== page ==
XL Video Can’t Get Enough of Depeche Mode
Depeche Mode’s incredible 33 year career has seen them sell over 100 million records worldwide, become a hugely influential musical tour de force, constantly innovating, staying relevant for three decades and proving time and again that they can produce the very best live performances on the planet.
Front man Dave Gahan is as charismatic and flamboyant as ever, and the band remain right there in their element, performing in front of large and enthusiastic audiences in all corners of the globe.
Also acclaimed for being constantly at the cutting edge of live performance visuals, video has played a defining role in their stage shows over the years through the influence of their inspirational Artistic Director, Anton Corbijn.
The look of the Delta Machine show - incorporating the video elements - was designed by Corbijn in close collaboration with Lighting Designer Paul Normandale, a cerebral creative fusion that has brought another thought-provoking space for the band’s edgy, raw and emotionally charged performance to be enjoyed by a wide audience.
It’s the second tour on which Video Director Jon Shrimpton has worked with the DM in this role, and his third tour for them overall. He describes Delta Machine as “Witty, dark, bluesy … and with a nice vibe” and he’s aiming to bring all these parameters into an interesting camera mix.
In addition to the IMAG, Corbijn has produced eight beautifully sculpted mini-movies which are interspersed throughout the show – each specific, detailed and intelligent.
XL’s Project Manager Phil Mercer comments, “We are delighted to be working with Depeche Mode again. Their shows always push the technical and creative boundaries, and they have unquestionably set standards for several decades in terms of live music video production”.
The LED screen surfaces are all XL’s Pixled F-12 product. This is a particular favourite of Normandale, who was also the first visuals designer to use the product when it was launched last year, having specified it on many projects since. He likes its high resolution, light weight and general versatility.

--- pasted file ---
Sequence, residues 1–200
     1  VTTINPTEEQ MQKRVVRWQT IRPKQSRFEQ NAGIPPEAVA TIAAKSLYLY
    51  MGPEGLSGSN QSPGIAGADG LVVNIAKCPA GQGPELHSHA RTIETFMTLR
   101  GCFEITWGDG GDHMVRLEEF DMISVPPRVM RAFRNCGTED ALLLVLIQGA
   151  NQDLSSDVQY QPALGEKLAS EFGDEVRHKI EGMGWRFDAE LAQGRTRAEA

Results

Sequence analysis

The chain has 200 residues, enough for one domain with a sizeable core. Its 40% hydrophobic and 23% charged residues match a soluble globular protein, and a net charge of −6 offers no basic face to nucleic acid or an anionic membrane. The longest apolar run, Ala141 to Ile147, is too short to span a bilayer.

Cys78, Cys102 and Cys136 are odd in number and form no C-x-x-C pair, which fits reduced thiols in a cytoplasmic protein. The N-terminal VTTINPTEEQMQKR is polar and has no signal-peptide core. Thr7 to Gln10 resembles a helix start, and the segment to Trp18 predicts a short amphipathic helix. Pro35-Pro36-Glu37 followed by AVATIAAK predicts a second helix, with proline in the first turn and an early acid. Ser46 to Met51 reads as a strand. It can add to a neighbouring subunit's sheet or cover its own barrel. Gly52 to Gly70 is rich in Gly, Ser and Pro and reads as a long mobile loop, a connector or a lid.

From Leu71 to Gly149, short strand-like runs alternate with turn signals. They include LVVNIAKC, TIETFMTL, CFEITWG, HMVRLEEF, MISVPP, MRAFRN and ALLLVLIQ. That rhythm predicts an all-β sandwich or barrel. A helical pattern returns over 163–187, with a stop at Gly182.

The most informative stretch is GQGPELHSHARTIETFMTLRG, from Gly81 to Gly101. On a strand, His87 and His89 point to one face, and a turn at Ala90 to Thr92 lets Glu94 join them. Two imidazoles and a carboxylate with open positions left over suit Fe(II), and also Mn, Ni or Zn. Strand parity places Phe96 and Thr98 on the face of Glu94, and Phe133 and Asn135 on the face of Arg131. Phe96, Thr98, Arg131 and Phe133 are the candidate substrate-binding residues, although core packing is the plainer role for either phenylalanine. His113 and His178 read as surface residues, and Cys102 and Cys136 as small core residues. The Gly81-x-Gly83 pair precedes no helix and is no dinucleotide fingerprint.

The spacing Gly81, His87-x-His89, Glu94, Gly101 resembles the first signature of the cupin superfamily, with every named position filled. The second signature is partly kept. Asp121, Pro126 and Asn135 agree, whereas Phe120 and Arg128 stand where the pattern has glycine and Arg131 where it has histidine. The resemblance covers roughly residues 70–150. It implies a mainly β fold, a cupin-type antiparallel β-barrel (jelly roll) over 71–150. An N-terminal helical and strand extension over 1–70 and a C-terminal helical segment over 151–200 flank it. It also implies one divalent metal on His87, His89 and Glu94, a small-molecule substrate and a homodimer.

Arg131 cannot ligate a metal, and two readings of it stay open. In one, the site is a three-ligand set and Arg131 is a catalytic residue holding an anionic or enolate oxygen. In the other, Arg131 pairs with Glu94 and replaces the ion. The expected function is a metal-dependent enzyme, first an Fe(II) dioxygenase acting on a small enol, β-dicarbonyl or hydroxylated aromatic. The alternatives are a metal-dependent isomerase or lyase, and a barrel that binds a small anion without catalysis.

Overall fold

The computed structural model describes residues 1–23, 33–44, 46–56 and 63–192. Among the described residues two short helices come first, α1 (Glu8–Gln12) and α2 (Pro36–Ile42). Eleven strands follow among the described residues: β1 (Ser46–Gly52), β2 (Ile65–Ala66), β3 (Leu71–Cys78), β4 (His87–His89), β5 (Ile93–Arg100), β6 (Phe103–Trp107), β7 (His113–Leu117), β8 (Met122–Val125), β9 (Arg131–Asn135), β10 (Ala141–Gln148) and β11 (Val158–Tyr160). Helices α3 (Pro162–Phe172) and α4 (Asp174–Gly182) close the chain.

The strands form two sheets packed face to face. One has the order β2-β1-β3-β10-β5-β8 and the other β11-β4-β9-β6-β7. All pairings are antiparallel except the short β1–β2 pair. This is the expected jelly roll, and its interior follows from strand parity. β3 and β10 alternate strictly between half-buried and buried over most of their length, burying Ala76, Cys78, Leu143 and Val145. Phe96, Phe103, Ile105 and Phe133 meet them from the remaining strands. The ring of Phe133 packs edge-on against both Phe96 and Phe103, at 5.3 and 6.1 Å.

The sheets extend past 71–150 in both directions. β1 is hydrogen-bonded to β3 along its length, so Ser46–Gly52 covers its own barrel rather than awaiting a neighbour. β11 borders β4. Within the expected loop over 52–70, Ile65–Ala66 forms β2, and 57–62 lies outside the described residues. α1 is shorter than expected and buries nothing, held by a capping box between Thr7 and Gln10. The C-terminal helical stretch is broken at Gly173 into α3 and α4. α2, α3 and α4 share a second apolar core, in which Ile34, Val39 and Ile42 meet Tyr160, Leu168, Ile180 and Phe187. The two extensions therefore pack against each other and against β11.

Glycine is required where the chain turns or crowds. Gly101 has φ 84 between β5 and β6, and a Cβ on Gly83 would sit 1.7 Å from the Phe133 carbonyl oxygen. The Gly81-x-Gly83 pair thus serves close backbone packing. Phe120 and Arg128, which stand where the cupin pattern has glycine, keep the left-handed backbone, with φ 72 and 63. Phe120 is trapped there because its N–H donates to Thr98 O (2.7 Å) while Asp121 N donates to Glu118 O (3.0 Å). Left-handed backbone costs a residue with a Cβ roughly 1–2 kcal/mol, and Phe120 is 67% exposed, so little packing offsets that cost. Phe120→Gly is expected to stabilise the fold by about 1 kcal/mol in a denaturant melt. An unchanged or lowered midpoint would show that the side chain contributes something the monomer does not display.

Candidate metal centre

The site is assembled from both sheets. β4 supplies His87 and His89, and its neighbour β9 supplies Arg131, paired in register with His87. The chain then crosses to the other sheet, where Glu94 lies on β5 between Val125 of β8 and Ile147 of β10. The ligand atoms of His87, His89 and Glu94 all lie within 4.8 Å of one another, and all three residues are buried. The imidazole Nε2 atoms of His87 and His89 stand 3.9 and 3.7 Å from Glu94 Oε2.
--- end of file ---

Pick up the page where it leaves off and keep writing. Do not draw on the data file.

The upstage F-12 screen is 17.4 metres wide by 8 metres high and is mapped as five interlocking triangles in the Catalyst media server that’s used to playback Corbijn’s movies. When this happens, it has a massive impact on the stage and the mood of the whole room.
The fronts of the two most prominent onstage risers are also clad with custom sized Pixled F-12 panels, and there is a V-shaped truss border of F-12 above the centre stage area. The two IMAG side screens each comprise 18 x 8 tiles of the same surface.
The cameras are all HD, with four operated Sony HXC-100s, two at FOH and two in the pit on track-and-dolly. This standard set up was chosen because it is straightforward and easy to transpose for the plethora of festivals they will be playing both this summer … and beyond!
Shrimpton is using five Bradley Cam-Ball 2s, which he originally used on Sigur Ros last year and really likes. They are positioned downstage right for the guitar, mid-stage right for keyboards, drums and singer posing area, plus one stage centre behind the drums to catch some dramatic reverse shots. The fourth is downstage left again for the drums and keyboards and the final one sits at the end of the stage thrust.
They have some neat effects including night vision, and Shrimpton operates them himself as well as directing the four Sony’s.
He has a few bespoke gizmos to hand, lovingly built from a range of vintage tube paraphernalia, which enable him to produce some unique bits of ‘magic’, like a claustrophobic feel during ‘Barrel of a Gun’.
All the cameras are fed into his Grass Valley Kayak mixer, one of his “Favourite pieces of kit in the whole world”. He uses it to apply multiple colouring and grading effects, and from there, six feeds are sent to Catalyst Operator Ben Miles who outputs them to the rear screen, the truss borders and the riser fronts.
The IMAG is sent to the side screens direct from the Kayak.
The nine-way camera cut keeps Shrimpton busy and energised during the show and his biggest aesthetic challenge is trying to balance all the different shots.
He uses a Harris Predator multi-viewing screen and two 47 inch Barco flat screens for some serious monitoring.
XL has a top crew out on the tour. John Steel is the Systems Engineer, Al Bolland is Crew Chief, Jim Bolland and Joe Makein are the LED Screen Technicians with Darren Montague as Head of Cameras.
The onstage LED, Camera / PPU package is being provided worldwide by XL Video and dates are currently booked until Feb 2014.